Beyond tech

Finally: legal. Users screw up. Some can be malicious, some can be clumsy. Even for a seemingly private service like a Nextcloud: it’s possible to share content via a link, which means a user could host and share illegal content. You need to be able to receive requests, assess whether it’s a real request or not, how you can take action, how much time you have, how you notify the user and whether you take further action against them, and a lot more.

Maintaining services is tedious, and doing it alone puts everyone using them at risk.

A necessary burden

If hosting services is that much of a burden, and if I’m confident a single person cannot have the time nor skills required to do it properly, why am I doing it? Why are so many of us doing it?

Surveillance & Privacy

The overwhelming response you get when you ask people why they self-host is that they want more control over their data and who has access to it. A significant number of respondents to that very un-scientific study mention they are doing it “for privacy”. I find this qualification a bit vague: it is possible to keep data significantly private even without self-hosting and Signal is a very good example of this.

What people often mean when they say they self-host services is that they want to protect against mass surveillance. The surveillance can come from the Big Tech who have a near monopoly on some services. For example, Google may encrypt Google Drive files in transit and at rest, but they still manage the keys and can technically decrypt the data. I’m fairly confident that there are internal safeguards protecting employees from snooping in, but this doesn’t protect users against another major threat: subpoenas.

Mass surveillance can be political, and can be government-mandated. The US law is particularly insidious: federal law enforcement can ask US based companies to hand them over any data, whether the servers are in the US or not. The global surveillance disclosures by Edward Snowden (in particular the PRISM programme) reinforce many self-hosters’s belief that their data is not safe if it’s hosted on someone else’s computer.

There can be valid reasons for a government to put an individual or group under surveillance. But these actions need to be motivated, and within the bounds of the law. The issue here is the indiscriminate surveillance of everyone, for no motive.

Self-hosting is an effective strategy to keep your data safe from mass surveillance. In the case of targeted surveillance it’s only a mild inconvenience. A single person has very little chances against a nation state actor trying to find out specific information when it comes to digital devices. The role of self-hosting here is to raise the cost of getting access to your data, be it by making it technically or legally more difficult.

It should be noted that self-hosting is not a silver bullet and can backfire. If the servers hosting the services used exclusively by activists were seized (as it happened for Kolektiva.social among others), the data can be weaponised against those activists. Worst: it can help discovering new activists that were under the radar.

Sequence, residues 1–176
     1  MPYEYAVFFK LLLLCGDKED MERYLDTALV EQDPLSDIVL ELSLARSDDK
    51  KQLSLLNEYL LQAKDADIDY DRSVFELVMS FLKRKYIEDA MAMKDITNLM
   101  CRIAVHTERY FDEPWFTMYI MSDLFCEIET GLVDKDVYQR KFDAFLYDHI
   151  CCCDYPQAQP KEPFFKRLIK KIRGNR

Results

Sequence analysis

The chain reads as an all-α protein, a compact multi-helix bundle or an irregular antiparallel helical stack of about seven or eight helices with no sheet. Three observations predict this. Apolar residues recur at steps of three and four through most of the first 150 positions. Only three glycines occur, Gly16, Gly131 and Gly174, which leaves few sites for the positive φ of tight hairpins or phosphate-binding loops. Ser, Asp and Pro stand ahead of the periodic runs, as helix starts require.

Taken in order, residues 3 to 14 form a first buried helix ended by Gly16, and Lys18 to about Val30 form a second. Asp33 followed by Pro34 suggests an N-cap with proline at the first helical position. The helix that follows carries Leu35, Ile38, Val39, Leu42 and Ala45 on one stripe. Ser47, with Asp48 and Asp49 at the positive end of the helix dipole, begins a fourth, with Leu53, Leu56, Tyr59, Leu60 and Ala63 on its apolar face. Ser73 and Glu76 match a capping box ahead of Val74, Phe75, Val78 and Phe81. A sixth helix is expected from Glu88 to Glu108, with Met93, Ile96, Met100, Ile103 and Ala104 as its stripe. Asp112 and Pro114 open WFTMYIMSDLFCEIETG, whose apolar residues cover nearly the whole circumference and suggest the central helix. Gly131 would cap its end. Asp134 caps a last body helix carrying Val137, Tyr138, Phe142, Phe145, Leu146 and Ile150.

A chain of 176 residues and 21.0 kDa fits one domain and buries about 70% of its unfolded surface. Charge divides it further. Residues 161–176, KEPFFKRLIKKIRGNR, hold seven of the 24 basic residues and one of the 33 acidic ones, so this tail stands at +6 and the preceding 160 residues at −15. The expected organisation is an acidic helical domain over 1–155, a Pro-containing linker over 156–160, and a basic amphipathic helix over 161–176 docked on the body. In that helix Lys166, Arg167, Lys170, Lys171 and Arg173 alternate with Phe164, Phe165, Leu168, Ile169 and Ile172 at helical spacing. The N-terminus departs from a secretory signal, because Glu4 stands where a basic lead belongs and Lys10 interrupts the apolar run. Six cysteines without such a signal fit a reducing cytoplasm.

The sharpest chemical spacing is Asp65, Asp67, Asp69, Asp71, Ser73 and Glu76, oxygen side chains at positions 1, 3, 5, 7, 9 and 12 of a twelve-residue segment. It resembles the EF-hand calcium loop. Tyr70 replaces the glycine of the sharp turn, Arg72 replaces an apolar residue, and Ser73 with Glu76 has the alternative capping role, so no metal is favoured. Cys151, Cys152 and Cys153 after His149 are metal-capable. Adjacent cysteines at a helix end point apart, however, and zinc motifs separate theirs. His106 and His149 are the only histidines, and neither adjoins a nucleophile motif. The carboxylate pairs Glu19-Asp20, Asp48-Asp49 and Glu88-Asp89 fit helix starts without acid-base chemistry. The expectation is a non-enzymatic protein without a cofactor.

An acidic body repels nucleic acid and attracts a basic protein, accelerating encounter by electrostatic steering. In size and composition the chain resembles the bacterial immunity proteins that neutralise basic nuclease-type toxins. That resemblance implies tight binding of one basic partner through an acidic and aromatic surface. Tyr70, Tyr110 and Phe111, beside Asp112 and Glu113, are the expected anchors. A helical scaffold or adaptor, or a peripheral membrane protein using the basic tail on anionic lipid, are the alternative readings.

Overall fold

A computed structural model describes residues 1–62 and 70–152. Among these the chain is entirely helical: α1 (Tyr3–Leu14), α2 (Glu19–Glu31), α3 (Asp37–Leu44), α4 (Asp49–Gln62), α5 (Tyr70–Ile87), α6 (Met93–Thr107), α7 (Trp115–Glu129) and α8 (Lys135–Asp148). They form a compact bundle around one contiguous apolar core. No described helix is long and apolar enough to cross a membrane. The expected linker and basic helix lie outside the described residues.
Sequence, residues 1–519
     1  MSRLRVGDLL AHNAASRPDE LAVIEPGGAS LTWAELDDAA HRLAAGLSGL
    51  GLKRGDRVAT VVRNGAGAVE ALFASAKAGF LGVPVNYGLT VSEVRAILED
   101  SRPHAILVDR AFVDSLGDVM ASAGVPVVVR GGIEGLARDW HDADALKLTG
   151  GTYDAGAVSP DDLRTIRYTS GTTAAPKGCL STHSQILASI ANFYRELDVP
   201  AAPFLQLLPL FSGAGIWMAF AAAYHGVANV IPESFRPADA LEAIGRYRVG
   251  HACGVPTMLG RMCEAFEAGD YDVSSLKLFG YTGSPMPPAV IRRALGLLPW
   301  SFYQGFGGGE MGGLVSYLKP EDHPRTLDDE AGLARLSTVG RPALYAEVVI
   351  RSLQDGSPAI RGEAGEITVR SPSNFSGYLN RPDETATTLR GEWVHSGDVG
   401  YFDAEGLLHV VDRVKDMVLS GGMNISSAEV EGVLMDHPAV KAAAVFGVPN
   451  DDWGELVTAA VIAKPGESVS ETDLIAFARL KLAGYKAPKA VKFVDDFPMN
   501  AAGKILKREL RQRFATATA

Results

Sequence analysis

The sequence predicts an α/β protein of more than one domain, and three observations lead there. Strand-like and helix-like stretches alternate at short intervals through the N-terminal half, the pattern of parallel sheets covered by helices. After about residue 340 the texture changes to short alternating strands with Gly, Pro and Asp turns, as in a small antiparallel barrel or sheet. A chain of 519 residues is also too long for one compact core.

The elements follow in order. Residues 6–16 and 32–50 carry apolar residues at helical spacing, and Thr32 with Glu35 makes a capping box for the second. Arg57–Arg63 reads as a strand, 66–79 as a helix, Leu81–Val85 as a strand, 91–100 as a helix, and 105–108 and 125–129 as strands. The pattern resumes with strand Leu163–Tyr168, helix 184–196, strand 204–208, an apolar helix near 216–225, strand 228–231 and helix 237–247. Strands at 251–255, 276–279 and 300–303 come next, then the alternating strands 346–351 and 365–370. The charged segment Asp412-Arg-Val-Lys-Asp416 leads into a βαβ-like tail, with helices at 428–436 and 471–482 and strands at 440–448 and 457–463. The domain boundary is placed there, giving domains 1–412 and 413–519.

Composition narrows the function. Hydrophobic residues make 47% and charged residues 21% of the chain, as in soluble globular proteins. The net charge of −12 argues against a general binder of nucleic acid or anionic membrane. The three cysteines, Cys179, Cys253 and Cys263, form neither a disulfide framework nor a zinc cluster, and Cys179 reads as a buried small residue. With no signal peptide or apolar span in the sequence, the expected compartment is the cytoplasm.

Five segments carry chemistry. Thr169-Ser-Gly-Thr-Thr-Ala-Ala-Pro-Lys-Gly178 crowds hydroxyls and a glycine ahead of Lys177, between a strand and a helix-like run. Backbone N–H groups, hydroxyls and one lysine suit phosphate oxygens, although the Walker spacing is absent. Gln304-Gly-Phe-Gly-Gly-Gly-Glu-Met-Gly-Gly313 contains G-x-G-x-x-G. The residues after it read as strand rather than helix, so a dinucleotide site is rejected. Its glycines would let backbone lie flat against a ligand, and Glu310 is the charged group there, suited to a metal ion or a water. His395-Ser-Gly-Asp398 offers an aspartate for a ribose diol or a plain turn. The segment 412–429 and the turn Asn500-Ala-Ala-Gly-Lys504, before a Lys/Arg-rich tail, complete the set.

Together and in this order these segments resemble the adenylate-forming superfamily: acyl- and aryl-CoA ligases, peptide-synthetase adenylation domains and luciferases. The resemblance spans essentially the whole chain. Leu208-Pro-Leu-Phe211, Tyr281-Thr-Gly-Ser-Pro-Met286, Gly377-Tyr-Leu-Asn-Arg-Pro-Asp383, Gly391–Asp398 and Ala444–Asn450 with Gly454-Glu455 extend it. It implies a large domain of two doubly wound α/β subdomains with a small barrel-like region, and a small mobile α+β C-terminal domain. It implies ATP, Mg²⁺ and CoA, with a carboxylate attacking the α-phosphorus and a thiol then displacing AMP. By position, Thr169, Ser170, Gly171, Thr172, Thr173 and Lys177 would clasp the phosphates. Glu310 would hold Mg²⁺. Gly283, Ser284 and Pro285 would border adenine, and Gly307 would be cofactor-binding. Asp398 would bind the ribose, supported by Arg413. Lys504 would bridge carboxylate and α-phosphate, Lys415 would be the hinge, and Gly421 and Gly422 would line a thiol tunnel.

End-to-end encrypted (E2EE) solutions can mitigate some of those issues: the content is only decipherable by the end users of the app, using keys stored on their devices. The service provider is not able to look at the data. This means if the servers are seized, the data remains indecipherable for everyone else.

Here again it should be noted that more often then not, the content is indecipherable but the metadata is not. In the case the case of a drive service, the content of the files would be encrypted but not who owns them, and with whom they are shared. In the case of instant messaging the messages would be encrypted but not who sends them nor to whom.

Personal interest

Self-hosting is a journey. Putting services online is the easy bit. The more a deployment grows, the more self-hosters need to learn. You start with a service, then two, then three. Then you end up adding SSO because it’s difficult to keep up with the various accounts. Then you hit scaling issues. Then you decide to rationalise services and trim down your offer. Then you set up monitoring. Then, then, then it never ends and that’s for the best.

Hosting services is a hands-on way to learn more about how a large part of our online life works behind the scenes. It’s also a very effective way to develop skills that are useful on the market. Self-hosting is about independence, and it cannot happen without learning.

The self in self-hosting

As self-hosters we are not going to change the face of the world. The other 98% of the general public is going to use hegemonic services: self-hosting is a privilege for those who have the education, time and money to put into it. We’re only deploying solutions that work for us, individually. Hosting services for our relatives puts them at risk of losing their data if something happened to us.

My recommendation to most people putting services online would be: either do it for yourself only, or do it as a team with proper structure and processes. What sounds like an initiative to emancipate people could actually alienate them to you, and that is a huge responsibility.

I believe it’s important to be able to self-host, even if only to prove it’s possible to do without hegemonic services. But we need to figure out how to do decentralise services and data storage for individuals at scale. This is not just a technical problem, and while E2EE is a good starting point it’s not a silver bullet. I will expand in a further post about the role of E2EE, where it falls short, and what I think we should do as a society to improve the situation.

Seamless self-hosting

We have seen that self-hosting can be more difficult than it appears. I used to be very worried about my deployment since it didn’t cover all the points above. Using standards and open source products, I was able to architecture a solution that allows me to self-host services without compromising my peace of mind. In a following blog post I will explain why my bicycle, ansible, RSS and buckets are key to a setup that doesn’t keep me up at night.

Many thanks to Felix Häcker, Rhea Danzey and Jonas Platte for their comments and suggestions on this article.